Alfred Weber was an important contributor to the debate about civilization and culture in the first part of the twentieth century, particularly in Germany.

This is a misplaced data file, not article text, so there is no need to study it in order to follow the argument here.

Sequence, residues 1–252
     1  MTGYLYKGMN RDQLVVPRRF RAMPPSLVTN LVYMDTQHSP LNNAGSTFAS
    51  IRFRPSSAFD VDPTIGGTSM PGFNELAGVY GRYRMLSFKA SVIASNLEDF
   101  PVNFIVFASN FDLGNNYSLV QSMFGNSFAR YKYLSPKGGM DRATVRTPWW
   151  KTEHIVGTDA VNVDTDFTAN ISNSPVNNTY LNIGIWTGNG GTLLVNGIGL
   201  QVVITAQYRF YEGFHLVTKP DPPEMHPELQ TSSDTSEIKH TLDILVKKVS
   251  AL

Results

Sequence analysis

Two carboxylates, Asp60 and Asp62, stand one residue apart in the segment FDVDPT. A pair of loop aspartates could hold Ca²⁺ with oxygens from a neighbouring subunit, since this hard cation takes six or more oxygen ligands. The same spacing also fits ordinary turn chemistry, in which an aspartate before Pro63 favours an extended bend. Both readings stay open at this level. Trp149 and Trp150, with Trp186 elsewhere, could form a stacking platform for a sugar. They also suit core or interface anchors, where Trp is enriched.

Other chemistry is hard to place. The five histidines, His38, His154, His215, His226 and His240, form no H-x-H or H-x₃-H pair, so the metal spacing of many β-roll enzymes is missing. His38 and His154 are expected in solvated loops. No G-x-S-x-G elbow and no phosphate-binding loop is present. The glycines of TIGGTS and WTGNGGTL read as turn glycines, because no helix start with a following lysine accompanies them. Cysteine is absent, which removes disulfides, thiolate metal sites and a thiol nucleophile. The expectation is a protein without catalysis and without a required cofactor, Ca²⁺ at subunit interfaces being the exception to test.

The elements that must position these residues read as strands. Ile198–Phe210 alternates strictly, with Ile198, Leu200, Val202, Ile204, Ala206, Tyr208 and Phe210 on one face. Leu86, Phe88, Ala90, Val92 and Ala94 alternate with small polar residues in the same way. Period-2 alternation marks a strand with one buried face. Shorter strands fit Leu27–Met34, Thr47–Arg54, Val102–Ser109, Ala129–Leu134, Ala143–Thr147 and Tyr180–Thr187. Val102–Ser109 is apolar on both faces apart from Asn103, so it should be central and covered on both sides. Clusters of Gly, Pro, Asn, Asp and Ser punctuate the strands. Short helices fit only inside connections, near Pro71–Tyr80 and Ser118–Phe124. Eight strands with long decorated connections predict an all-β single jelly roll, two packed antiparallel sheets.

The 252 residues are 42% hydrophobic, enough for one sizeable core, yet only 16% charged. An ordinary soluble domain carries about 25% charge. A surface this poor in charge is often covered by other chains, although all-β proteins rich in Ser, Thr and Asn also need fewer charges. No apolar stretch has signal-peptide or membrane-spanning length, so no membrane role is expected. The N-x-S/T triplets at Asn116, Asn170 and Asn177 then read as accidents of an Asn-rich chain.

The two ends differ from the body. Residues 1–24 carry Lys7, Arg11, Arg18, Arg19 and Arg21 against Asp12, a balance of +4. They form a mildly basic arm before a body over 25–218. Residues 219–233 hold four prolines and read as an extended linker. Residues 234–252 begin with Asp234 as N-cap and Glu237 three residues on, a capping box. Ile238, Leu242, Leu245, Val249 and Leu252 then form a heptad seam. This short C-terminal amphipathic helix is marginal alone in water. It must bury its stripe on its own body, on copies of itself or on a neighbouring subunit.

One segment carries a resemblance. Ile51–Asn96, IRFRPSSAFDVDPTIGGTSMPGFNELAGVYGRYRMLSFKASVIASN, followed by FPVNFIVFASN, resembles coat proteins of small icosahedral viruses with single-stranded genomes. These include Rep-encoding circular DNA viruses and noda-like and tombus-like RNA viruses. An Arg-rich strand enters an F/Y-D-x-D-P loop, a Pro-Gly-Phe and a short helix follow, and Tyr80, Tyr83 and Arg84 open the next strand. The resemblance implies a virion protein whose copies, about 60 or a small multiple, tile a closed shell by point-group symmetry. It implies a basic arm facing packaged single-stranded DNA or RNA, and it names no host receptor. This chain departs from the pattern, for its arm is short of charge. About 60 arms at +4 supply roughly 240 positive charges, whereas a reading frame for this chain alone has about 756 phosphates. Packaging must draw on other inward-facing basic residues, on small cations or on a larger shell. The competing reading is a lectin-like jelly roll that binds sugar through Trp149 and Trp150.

The importance of this essay is the way in which Alfred Weber draws on Dilthey's attempt to construct a sociology of culture, as well as Tönnies's image of Gesellschaft where the concept of civilization is transposed into that of society. Alfred Weber works further with these two currents to develop distinctions between social processes, which refer to the material world, civilizational processes, which refer to the world of high culture, and culture movement, which refers to cultural innovation. In this essay, Alfred Weber draws on both notions of culture and civilization, and moves them to a higher level of abstraction and generalizability beyond the concerns with identity so prevalent, for example, in the essay by Thomas Mann. Alfred Weber was also to draw on the image of civilization as a means for national reflexivity in a later essay at the end of the Second World War entitled Farewell to European History or The Conquest of Nihilism (1945).